You know that Windows 8 booting speed is fast, but have you ever considered “why it is so” and how Microsoft did it to give you the great PC experience ever. Microsoft engineers have done a great job on reducing the Windows booting time at its lowest by making several transitions and that’s why you can get into the Windows 8 and ready to use it in as less as 7 seconds.
In no time, Windows 8 can pass the power on self test (POST) screen, render BIOS to Windows and loads graphical window while keeping you at the manufacturer start screen or logo. Once you get into Windows, can choose the desired OS to start with if the system have dual copy of Windows or configure other settings from the same menu like system recovery options, command prompt, system image recovery etc.
Windows 8 is remarkably fast and you might have no chance to interrupt the boot. Means, you may don’t see options like ‘Press F2 for setup’ or other similar options which can be seen and used in previous versions of Windows. You can see this video by Emily Wilson, program manager at Microsoft on the fast booting of Windows 8 in a laptop containing SSD but with no external hardware support. Below is the comparison graph to have clear idea about how fast you can boot in Windows 8 than Windows 7.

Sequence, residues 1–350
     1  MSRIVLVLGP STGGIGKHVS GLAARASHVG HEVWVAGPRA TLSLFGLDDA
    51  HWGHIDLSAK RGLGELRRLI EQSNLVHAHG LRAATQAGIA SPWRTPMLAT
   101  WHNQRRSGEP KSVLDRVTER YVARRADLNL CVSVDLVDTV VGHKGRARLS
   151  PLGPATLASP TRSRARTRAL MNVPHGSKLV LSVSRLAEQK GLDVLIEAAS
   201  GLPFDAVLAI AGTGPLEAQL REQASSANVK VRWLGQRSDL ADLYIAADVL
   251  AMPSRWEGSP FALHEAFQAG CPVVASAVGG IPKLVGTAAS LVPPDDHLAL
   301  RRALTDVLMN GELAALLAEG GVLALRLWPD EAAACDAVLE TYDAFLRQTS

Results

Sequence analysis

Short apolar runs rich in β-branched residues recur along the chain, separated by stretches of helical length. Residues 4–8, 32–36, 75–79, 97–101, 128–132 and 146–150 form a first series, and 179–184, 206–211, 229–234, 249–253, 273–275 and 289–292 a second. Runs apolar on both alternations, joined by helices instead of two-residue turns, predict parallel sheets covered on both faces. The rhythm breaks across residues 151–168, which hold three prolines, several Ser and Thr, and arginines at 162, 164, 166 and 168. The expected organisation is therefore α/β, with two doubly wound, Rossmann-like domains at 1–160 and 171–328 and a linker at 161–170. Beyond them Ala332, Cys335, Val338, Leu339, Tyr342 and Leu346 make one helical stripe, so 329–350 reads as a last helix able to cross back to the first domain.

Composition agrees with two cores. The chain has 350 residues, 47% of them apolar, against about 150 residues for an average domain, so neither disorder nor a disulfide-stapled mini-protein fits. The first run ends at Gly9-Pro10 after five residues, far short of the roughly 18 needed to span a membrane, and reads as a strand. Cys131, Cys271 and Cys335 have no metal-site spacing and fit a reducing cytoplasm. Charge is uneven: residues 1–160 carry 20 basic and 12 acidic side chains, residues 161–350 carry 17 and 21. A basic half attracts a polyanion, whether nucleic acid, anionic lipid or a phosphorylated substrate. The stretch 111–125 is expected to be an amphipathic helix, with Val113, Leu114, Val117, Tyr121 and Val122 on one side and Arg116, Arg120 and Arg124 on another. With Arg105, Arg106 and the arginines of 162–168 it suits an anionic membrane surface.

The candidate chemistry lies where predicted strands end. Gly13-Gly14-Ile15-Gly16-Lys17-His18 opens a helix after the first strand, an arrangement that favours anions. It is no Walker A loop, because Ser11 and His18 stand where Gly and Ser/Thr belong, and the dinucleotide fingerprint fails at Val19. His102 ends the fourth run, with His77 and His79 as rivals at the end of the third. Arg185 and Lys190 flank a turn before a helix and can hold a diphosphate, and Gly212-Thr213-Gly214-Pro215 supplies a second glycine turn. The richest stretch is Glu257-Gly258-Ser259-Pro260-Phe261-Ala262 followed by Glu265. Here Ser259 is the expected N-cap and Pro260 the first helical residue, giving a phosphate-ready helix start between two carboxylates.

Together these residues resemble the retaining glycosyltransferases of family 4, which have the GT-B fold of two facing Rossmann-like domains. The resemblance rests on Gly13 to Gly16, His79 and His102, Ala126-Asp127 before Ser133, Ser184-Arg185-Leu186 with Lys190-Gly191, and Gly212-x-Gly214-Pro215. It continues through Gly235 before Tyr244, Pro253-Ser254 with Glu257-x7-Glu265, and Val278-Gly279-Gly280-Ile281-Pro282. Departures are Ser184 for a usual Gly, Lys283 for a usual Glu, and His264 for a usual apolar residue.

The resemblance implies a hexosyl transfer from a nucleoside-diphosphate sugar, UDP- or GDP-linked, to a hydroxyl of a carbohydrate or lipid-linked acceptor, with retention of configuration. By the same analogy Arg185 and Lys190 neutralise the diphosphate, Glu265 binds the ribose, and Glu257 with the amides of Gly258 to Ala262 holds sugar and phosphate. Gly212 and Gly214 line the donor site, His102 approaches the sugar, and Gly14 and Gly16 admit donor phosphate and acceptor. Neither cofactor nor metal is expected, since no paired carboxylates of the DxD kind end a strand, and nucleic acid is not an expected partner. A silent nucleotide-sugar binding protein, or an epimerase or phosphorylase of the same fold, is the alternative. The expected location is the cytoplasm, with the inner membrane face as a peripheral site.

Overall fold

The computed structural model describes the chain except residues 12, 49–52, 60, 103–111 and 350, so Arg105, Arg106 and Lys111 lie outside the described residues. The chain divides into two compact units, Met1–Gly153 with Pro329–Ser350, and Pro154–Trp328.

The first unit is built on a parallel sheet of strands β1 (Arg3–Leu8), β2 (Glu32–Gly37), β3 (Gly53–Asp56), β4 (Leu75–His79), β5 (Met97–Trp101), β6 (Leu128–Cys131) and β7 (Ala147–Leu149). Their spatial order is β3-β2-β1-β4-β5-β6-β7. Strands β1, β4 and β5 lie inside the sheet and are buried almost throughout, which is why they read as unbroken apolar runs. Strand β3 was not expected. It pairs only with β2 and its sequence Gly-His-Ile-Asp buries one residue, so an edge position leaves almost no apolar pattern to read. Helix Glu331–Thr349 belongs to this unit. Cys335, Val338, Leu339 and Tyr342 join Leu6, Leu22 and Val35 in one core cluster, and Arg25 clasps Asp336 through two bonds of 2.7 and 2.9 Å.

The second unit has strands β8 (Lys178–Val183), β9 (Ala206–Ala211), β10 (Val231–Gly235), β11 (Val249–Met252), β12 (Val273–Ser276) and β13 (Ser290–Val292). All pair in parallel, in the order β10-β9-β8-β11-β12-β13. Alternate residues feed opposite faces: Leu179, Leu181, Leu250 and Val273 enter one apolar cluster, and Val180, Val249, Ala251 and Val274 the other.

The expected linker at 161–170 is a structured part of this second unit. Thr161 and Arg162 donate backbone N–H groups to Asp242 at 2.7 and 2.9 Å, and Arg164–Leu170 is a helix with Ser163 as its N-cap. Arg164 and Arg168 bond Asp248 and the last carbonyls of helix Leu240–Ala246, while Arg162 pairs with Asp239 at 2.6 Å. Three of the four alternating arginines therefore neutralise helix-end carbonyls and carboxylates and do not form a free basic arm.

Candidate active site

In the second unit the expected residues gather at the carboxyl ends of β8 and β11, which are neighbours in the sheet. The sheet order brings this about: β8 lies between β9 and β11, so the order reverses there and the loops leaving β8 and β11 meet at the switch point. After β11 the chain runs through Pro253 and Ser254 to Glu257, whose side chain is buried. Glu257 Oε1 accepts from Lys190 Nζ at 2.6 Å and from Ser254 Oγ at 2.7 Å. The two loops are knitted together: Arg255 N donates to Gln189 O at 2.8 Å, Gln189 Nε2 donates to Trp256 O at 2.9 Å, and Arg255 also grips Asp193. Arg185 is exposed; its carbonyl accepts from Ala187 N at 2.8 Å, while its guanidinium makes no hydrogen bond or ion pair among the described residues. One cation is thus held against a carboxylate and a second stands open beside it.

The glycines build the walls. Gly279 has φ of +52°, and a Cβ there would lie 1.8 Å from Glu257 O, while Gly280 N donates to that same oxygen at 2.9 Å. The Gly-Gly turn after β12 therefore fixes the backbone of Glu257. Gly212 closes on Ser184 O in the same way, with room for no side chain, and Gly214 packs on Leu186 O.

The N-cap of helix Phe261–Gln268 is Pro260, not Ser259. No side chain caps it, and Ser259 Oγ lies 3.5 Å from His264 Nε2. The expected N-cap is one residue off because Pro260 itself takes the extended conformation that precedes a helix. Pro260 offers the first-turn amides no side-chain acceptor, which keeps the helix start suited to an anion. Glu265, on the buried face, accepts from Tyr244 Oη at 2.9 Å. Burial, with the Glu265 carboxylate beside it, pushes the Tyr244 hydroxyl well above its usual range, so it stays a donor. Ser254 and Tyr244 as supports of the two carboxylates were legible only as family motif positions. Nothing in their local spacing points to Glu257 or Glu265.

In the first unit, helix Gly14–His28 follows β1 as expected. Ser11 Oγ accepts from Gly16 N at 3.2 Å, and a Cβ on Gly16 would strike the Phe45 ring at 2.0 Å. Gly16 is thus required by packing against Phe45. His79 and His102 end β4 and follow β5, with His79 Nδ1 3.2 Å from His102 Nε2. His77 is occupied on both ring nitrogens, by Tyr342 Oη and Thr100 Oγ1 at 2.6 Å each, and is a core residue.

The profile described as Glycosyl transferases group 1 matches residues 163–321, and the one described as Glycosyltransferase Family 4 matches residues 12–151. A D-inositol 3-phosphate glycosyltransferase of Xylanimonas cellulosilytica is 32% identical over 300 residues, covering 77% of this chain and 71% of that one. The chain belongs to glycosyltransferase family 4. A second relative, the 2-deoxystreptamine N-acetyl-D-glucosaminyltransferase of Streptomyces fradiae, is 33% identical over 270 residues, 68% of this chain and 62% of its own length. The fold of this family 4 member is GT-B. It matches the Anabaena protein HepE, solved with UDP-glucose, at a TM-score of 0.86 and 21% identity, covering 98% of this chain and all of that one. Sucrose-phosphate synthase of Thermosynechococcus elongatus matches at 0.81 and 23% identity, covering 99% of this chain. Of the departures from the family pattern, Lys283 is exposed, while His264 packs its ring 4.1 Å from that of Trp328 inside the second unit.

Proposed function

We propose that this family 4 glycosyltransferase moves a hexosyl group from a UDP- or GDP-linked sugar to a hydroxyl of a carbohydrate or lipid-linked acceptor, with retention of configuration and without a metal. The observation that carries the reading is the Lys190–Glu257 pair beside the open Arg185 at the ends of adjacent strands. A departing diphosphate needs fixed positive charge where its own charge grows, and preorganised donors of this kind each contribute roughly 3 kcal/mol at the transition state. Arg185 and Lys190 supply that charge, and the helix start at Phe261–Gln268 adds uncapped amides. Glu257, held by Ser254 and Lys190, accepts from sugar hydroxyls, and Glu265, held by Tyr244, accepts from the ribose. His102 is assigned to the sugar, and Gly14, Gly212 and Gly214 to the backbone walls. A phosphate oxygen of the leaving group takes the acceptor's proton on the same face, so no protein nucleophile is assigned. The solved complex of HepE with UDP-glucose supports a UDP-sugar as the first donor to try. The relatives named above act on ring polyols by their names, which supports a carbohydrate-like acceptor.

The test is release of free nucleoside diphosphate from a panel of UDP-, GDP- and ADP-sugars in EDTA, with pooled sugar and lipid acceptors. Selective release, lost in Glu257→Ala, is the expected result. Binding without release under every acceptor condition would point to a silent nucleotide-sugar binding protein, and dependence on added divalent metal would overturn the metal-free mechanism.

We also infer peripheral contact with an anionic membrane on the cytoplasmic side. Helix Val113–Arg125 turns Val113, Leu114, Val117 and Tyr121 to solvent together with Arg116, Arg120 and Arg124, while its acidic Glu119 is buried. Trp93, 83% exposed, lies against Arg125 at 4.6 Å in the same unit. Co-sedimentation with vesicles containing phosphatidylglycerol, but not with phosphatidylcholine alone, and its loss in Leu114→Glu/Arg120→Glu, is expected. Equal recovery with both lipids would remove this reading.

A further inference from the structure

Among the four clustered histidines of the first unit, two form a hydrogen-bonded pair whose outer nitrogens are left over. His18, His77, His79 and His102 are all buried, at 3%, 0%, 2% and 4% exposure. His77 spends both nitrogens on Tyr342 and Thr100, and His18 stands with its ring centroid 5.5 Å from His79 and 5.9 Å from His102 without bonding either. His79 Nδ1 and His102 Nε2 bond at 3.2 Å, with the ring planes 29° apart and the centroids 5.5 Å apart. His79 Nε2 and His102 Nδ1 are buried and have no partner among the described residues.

In most modern PC’s containing Windows 8, all you can see is the manufacturer logo for a very little time and then immediately taken to the Windows 8 desktop screen without seeing any BIOS message or Windows booting screen as in its predecessors.
What methodology Microsoft engineers employed or what has been removed/added to make Windows 8 so fast? Have a look on the below facts to explore the ideas behind Windows 8 fast booting.
Why so fast?
Windows 8 booting systems were moderated and redesigned in a way that it takes minimal set of hardware resources and battery energy or power drain. As a result, minimal set of input/output requests are made to access the required boot parameters.
In traditional Windows OS i.e., Windows 7, firmware interface tends to close the entire user sessions, kernel sessions and broadcasts messages to devices, windows services, drivers, printers and running applications to close down any running handles as Windows station is shutting down. If any running applications couldn’t be turned off properly, windows forcefully closes them down after saving any unsaved data on hard drive to make sure that they were not lost.
Where as, Windows 8 turn off only the user session and keep the kernel session running in hibernate mode. Unlike full hibernation, only the exact system state and memory content is stored on disk using ‘hiberfil.sys’ system file and Windows can easily restore them and reinitialize the drivers at very next time you begin using your PC.